Rebecca Clement

Rebecca Clement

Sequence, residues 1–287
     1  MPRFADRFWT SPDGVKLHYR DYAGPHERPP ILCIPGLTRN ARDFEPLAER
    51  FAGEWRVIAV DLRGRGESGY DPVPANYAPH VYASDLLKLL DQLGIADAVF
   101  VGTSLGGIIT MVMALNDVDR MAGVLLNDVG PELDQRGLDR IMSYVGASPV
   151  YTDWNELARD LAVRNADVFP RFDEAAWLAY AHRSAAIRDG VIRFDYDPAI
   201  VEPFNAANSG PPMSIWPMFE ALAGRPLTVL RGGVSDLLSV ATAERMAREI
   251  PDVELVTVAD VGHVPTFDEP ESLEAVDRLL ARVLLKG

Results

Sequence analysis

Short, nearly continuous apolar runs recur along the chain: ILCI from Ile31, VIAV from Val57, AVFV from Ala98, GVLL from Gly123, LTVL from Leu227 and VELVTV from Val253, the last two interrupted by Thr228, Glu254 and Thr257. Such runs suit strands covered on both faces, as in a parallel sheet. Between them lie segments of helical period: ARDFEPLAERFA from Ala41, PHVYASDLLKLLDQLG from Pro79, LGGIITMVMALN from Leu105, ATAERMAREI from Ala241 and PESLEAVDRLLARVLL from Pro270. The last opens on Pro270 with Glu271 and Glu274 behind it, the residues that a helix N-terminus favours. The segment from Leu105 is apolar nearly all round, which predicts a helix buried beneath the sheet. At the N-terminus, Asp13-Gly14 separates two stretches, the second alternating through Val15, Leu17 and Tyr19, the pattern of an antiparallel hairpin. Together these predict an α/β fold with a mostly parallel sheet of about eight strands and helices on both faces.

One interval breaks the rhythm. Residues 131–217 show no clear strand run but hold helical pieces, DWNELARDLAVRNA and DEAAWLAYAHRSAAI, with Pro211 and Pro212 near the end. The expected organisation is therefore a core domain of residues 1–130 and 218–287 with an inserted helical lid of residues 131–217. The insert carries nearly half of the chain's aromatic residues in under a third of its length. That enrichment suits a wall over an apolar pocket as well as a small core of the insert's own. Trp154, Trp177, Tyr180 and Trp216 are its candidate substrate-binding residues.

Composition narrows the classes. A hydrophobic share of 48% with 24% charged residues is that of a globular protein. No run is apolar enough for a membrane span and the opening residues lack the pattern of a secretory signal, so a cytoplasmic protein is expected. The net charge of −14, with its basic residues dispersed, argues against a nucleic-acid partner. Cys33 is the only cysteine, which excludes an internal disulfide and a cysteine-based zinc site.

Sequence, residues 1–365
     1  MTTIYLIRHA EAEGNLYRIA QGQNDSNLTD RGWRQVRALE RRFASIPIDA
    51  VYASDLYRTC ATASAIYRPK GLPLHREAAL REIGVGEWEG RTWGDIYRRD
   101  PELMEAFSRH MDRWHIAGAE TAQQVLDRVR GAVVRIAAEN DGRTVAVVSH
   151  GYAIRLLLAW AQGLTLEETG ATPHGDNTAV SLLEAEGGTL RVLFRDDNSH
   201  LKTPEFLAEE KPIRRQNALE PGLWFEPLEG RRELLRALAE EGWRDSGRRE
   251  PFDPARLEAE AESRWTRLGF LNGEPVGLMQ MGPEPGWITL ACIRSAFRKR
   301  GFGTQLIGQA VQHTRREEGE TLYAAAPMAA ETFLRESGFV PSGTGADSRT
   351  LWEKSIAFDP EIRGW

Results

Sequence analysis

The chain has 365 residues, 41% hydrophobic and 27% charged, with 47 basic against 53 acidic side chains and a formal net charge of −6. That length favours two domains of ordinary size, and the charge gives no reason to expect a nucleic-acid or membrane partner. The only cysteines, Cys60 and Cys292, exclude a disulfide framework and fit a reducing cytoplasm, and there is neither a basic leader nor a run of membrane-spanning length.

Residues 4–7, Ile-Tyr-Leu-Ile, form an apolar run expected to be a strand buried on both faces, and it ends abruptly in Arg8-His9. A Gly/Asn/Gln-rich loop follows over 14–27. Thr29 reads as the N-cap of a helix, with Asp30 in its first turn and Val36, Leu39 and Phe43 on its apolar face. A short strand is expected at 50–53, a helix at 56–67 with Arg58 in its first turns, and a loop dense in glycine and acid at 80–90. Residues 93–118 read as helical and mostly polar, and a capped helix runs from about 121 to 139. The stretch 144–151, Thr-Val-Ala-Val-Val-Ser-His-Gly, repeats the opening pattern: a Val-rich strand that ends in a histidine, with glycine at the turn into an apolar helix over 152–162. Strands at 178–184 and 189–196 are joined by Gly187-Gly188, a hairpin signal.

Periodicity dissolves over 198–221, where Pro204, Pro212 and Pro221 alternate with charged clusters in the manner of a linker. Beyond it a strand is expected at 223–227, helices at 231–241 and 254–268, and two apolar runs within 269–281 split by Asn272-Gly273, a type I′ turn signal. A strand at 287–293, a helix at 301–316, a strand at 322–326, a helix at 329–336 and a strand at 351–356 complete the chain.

I was going to do something corny like start this piece by saying I’m a twenty one year old female that likes sad movies, romantic dinners, long walks on the beach, and puppies, and was then going to turn it around and be like “Nahhh, I’m just messing with you”.  This is what I wanted to do but couldn’t think of enough corny things that I didn’t actually like.  So here’s the truth, I really do like all those things, except of course the walks on the beach.  I could never understand how people could tolerate the presence of sand in their shoes.  I hate sand.  As for the rest, I love all movies, I love going out for dinner and let’s be honest, who doesn’t love puppies?  I’m a big movie fan, I especially enjoy musicals.  Maybe once I warm up to everybody on the trip there might be the occasional performance of me bursting out into song and dance.  Also, fair warning to all the other participants, if I say something weird, it was most likely a movie reference that I took a chance at you knowing and/or appreciating.